Six years ago this afternoon I was chasing tornadoes in the D/FW Metroplex. Specifically – the Kennedale tornado near Highway 287 and Interstate 20. At nearly the same time another supercell and tornado were impacting Lancaster. Additional tornadoes would impact places like Forney later that afternoon. I seriously doubt we’ll be seeing a similar scenario play out in Texas today, but we do have the threat of a couple severe storms as a cold front pushes south. Let’s dive into it!
Latest Severe Weather Outlook from the Storm Prediction Center.
A level two risk of severe weather – the standard risk level – includes much of East Texas, Southeast Texas, the Brazos Valley, and Central Texas. This zone has a 15% chance of severe weather within 25 miles of a given point (your house for example).
A level one risk of severe weather – a marginal risk – includes portions of the Coastal Plains, South-Central Texas, eastern North Texas, and portions of Northeast Texas. This zone has a 5% chance of severe weather within 25 miles of a given point (your house for example).
Severe weather is defined as quarter size hail (1″) or larger, wind gusts of at least 58 MPH, and/or a tornado.
Compared to yesterday the northwestern edges have been trimmed a bit. That trimming is due to the cool front moving a bit faster – and thunderstorms developing farther southeast.
Some of the thunderstorms that develop along the cold front this afternoon and evening may become severe. Localized straight-line wind gusts of 60 MPH and ping-pong ball size hail would be the most likely threats. The threat of tornadoes would be very low, but not totally zero.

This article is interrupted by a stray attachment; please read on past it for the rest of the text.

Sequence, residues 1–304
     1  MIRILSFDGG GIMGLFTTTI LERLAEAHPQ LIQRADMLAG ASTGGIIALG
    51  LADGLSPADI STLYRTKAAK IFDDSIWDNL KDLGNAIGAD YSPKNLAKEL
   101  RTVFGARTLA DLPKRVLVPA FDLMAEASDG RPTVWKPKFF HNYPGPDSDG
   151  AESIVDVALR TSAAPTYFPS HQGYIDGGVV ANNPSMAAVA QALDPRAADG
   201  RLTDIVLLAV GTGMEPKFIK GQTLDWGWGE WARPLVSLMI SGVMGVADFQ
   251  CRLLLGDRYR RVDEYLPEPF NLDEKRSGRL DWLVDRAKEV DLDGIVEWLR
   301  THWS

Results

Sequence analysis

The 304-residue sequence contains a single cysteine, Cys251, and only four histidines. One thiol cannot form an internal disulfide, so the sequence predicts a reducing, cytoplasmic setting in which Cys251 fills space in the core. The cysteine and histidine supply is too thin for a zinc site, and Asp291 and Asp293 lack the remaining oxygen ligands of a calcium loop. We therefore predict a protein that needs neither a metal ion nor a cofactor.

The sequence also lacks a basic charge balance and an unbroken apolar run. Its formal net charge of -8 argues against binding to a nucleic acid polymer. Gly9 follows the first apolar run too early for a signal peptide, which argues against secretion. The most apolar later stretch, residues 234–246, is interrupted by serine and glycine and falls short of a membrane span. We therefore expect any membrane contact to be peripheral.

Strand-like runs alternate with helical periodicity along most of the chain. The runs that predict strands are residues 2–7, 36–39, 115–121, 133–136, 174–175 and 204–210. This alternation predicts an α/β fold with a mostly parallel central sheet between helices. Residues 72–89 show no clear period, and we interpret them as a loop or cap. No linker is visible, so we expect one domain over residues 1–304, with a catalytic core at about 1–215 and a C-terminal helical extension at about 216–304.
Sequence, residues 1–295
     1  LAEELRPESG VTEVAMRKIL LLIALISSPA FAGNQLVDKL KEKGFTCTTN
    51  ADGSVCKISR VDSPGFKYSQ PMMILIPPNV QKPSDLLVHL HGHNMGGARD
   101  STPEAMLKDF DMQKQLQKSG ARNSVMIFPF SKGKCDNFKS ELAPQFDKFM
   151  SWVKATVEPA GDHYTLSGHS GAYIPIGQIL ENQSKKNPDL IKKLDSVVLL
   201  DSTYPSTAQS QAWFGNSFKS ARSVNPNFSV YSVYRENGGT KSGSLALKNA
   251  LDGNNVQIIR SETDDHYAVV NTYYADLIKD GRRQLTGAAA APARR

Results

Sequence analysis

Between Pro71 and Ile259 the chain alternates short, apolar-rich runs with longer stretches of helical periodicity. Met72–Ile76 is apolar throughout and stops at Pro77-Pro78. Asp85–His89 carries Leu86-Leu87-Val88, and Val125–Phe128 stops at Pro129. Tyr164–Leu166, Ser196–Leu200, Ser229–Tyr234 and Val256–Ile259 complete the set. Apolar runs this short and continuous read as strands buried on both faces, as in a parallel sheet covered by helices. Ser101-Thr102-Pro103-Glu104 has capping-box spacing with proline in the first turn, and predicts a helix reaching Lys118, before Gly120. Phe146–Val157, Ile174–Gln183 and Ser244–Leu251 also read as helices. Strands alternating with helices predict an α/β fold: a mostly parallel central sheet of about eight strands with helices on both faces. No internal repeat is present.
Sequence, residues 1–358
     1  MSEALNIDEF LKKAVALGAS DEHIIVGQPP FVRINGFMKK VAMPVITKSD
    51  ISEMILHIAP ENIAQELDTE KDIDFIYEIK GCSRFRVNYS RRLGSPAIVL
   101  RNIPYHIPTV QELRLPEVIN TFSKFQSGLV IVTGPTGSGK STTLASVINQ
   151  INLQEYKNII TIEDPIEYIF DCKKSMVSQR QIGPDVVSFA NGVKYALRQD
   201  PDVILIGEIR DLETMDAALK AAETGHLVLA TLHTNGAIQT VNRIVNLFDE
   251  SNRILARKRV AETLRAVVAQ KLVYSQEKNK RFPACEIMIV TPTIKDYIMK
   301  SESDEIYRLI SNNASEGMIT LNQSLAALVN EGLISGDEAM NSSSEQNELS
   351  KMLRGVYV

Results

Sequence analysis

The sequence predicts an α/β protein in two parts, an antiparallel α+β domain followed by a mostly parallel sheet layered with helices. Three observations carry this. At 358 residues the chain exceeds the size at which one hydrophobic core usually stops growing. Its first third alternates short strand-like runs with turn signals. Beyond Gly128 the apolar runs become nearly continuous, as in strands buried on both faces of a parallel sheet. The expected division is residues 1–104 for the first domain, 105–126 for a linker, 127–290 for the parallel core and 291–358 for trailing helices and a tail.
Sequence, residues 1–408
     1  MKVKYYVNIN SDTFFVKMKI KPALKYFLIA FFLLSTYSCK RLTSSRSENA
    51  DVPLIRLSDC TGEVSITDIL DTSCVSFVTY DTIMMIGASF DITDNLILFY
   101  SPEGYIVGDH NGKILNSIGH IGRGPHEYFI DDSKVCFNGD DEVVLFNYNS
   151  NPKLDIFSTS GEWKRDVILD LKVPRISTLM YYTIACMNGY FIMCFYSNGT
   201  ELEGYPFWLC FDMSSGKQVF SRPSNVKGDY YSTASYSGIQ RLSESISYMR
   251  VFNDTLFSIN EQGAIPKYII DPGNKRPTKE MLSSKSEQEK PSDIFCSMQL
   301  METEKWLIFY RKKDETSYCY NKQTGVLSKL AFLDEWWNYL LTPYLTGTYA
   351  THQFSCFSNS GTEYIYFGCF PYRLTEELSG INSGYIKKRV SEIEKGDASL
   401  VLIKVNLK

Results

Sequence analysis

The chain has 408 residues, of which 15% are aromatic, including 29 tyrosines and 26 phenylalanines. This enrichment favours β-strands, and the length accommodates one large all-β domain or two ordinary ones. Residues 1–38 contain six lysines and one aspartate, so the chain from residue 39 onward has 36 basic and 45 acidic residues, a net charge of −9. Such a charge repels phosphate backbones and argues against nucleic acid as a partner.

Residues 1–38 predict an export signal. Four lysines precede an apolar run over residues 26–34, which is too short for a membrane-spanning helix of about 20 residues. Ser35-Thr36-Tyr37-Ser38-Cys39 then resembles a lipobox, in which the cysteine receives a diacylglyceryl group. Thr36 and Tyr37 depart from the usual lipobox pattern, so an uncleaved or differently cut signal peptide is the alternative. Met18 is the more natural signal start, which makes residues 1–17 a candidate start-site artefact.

A more conditional risk of pre-frontal thunderstorm activity would also pose a severe weather risk. If these semi-discrete storms initiate this afternoon ahead of the front – the strongest may produce hail larger than the size of golfballs, localized damaging wind gusts of 60 MPH, and pose a low tornado threat.
Timing & Discussion
Thunderstorm development may begin as soon as 2 PM CT along the cold front – and in the open warm sector across Central Texas, the Brazos Valley, and Southeast Texas. I anticipate we’ll have to wait until after 3-4 PM for things to become more active.
As stated in the threat section we may see two ‘waves’ of thunderstorms today. The first wave – conditional on them actually developing – would be semi-discrete storms well south of the cold front. These storms would likely possess supercelluar characteristics with a threat of large hail. They would move northeast.
Meanwhile, thunderstorm coverage along the cold front is expected to increase by the late afternoon across Central Texas into East Texas. These storms would be in close proximity to the southward moving cold front. The strongest of these storms may produce damaging straight-line winds and large hail.
Since the eventual squall line’s arrival will depend on the cold front’s speed I hesitate to get too specific. The matter of potential storms ahead of the cold front also complicates the timing aspect.
The cold front and possible line of strong storms should move through…
Austin between 6 PM and 9 PM
San Antonio between 7 PM and 10 PM
Houston between 9 PM and 12 AM
Corpus Christi (although with only scattered showers/storms) around 1 AM on Wednesday
Flash Flood Potential
Thunderstorms will generally be moving at a good clip. The risk of flooding is marginal. We do not anticipate a repeat of last week’s flooding. Minor street flooding is certainly possible after a good downpour.
Wednesday and Thursday are looking mostly dry across Texas. Southerly winds will return and temperatures will warm right back up to spring averages. Our next storm system will arrive Friday and Saturday with a potentially strong cold front. We’ll deal with that once we get past today’s system.